If they simply weren’t provided with such rules, they still exhibited ignorance, but not because of being ignorant. If they read these rules and opted not to follow them because they did not agree, then they should be applauded for not blindly following rules for the sake of following them. However, the decision to send their child to school in a shirt that breaks the rules could be argued as a balanced decision. The deficit decision would be sending the child in all Oklahoma college apparel, just to stay within the guidelines; the extreme would be sending their child in a completed University of Michigan football uniform. It is clear that the parents miss finding the “golden mean” when deciding how to express their feelings about the rule, by going to the extreme and bringing it to the media’s attention (they could have met with school boards, or even the principal, to try to compromise). They also are on the extreme side of things when they accept gifts from the university (who surely appreciated the attention brought by the media).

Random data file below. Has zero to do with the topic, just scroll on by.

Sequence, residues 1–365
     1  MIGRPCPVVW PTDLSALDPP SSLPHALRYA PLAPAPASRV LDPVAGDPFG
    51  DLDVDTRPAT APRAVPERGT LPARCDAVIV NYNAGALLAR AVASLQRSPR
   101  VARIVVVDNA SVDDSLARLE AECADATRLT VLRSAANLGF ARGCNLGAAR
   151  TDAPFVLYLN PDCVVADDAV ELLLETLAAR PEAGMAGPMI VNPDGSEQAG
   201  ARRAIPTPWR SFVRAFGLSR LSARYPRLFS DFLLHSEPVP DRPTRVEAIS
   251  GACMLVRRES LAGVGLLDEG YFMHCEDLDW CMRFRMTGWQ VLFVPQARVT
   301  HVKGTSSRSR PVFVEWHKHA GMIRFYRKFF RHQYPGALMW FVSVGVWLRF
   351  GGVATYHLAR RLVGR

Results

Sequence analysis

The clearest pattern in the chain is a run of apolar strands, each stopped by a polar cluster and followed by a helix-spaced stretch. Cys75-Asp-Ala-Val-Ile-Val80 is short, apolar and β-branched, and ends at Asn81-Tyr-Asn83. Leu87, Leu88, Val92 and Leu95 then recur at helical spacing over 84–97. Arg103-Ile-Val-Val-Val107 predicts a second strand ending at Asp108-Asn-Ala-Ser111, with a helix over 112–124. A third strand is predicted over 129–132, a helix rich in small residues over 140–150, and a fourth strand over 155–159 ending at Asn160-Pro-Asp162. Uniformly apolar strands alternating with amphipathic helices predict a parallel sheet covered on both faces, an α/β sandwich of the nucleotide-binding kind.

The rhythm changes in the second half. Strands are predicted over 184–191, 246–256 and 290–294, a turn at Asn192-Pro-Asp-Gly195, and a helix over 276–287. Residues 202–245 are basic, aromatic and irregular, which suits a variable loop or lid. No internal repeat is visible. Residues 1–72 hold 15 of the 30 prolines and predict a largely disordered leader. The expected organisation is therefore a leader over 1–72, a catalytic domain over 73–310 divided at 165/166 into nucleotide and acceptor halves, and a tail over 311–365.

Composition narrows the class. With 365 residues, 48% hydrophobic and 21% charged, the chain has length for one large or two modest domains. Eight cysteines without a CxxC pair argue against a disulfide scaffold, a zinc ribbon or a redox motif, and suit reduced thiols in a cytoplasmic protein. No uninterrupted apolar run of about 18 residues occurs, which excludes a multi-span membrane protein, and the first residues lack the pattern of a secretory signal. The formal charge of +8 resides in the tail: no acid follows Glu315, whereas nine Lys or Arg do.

3. Using your own personal ethical beliefs, in what ways do you agree or disagree with the decision and the reasoning used to reach the decision in the above question?I agree with the final statements brought out by taking a virtue ethical perspective, such as the principal making a balanced choice when taking action about the shirt, the parents possibly being ignorant of the rule through personal neglect or neglect from the school, and the choices the parents made following the shirt issue being extreme. However, I do not necessarily agree with how these outcomes were achieved through this view. First, I agree that there is a balance that needs to be achieved (or at least attempted to be achieved) in most of the decisions and actions we make daily, but I do not thing that non-ethical choices and actions are made because the person’s “being” is bad.I feel like good people can and do make ignorant, unethical, or bad choices; vice versa being true as well. While I believe that being and doing definitely shape each other, I do not feel that one is formed ultimately by the other.